I think it would be very useful to incentivize consumers to select insurance plans based on quality of care measures.  General Motors tried such an approach successfully a number of years ago.

There is a great need to integrate post-acute systems and also to integrate long term care systems.  In addition, to integrate care for dual eligibles.The administration is working on the latter but has not shown a great deal of creativity.   

I think the administration needs to do more to sell Medicaid enrollment, particularly those populations that would benefit the most from such.

I also think the administration needs to do a better job of selling the accomplishments so far and counter the Republicans more effectively. 
II. The Alliance for Health Reform held a very useful session yesterday on Prevention.  There are many positive features in ACA regards prevention but there is much more that can be done from a system viewpoint as well as re funding.

III.  Other articles

Here are other items of interest

Maryland to shift $21m to help stabilize insurance premiums

CBPP Releases New Resource on State Marketplace Design and Policies

Are Exchanges More Appealing To Insurers Now?

Tuesday, April 8, 2014

Personal perspective on the ACA startup

Here are a few personal highlights and low lights for the first six months of the ACA enrollment period 

My best moments were organizing volunteers to assist at several enrollment fairs and seeing the excitement and gratitude of  those enrolled.  A second highlight is discovering a website that is the best source of consumer comparison info and getting it endorsed by Commonwealth Fund and other leading experts.  Wish more folks made use of it.  A third highlight was identifying a fraudulent site masking as the state's site. Fourth, working with Prince George's team to train volunteers on ACA.  Fifth, glad to be able to work with the Capital Region Connector and its team of 10 agencies.  They are a good group working very hard. 

Some concerns:  1) Quite frustrated that Maryland's website had so many problems.  Glad that they are switching. Hope that is a good move.   2) Made several suggestions to key officials in Maryland without success.  However, I am only a minor player in the system. 3) Wish there was a more comprehensive effort in the State to work with volunteer organizations, unions, churches, etc to mobilize around enrollment.  4) Would have liked to engage with more elected officials in reaching out to the public.  I held back to some extent because of the problems with the State computer system.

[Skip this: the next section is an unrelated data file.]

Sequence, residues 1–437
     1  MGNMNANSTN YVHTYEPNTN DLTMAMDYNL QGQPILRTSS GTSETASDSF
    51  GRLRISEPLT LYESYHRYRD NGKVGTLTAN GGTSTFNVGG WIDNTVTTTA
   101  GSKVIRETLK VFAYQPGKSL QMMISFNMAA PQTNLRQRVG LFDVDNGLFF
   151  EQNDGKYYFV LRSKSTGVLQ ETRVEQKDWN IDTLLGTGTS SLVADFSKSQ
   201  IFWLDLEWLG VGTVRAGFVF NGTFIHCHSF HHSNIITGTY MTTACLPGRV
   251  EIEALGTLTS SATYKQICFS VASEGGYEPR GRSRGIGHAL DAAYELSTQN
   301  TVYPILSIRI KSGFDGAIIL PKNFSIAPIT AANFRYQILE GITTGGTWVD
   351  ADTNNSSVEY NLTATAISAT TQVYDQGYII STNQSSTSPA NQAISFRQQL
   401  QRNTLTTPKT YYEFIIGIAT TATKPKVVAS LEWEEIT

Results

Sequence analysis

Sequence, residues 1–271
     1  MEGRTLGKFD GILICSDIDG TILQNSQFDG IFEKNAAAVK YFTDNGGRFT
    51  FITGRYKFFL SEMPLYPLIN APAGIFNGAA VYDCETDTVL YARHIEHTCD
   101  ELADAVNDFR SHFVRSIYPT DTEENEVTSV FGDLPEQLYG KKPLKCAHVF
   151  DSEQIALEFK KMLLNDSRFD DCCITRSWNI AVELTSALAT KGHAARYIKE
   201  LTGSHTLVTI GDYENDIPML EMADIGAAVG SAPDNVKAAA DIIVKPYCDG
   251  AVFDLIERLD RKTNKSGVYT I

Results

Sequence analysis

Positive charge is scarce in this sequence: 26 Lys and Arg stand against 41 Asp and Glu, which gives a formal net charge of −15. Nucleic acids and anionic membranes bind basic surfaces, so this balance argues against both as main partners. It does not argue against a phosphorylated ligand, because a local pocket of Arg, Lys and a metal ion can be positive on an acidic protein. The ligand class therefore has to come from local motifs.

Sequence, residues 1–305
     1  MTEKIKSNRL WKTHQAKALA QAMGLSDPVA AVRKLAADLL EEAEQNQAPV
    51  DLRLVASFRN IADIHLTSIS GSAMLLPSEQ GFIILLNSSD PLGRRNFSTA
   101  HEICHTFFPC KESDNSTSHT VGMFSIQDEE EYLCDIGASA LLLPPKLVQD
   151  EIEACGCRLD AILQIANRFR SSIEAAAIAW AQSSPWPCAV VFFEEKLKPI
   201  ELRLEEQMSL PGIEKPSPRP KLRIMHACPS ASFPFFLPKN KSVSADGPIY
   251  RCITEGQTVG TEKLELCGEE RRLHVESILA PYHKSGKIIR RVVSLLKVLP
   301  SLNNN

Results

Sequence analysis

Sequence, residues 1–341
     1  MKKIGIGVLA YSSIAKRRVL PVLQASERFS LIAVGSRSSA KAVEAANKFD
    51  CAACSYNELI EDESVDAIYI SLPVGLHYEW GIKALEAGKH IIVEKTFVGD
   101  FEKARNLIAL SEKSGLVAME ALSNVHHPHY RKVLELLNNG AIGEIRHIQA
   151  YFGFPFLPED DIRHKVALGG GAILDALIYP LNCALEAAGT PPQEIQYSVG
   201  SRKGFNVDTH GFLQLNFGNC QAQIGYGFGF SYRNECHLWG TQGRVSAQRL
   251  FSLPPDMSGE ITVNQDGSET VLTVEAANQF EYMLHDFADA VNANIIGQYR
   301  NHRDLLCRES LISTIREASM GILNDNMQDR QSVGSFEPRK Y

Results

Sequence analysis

Wednesday, April 2, 2014

Some Early ACA Returns

Here are some of the early returns and reflections on the just "completed" enrollment period.   I put a qualification as one can still enroll in many states if they attest that they tried unsuccessfully.  Also, if there is a status change you can make a change and Medicaid enrollment is continuous.  While there has been considerable successes, there is much work to be done.  And Maryland has struggled considerably more than much of the country.  I sure hope the Connecticut fix will work.

Here are various news reports, videos, etc which highlight some of the reactions to the end of this first major enrollment period.

 Video: Obama on Health Care Enrollment Numbers

MISSING FROM THE NUMBERS – “Newly Enrolled, but Not Counted by Insurance Exchanges” 

“Kids suffer when their parents lose their health insurance. Maine knows this firsthand” Bangor Daily News (Opinion)

Co-op Health Insurance Plans See Early Success

Politico: Enrollment Caveats Will Keep ACA Counting

The Star Tribune: As Deadline Passes, MNsure Exceeds Sign-Up Goal

Commonwealth Fund:

1) New Study Finds 32 Million Underinsured in 2012  

2) The ACA's Medicaid Expansion: Alternative State Approaches  

 3) Measuring Progress in Care for 'Dual Eligibles'

 Why Some Don’t Pay Their Obamacare Premium: It’s Not What You Think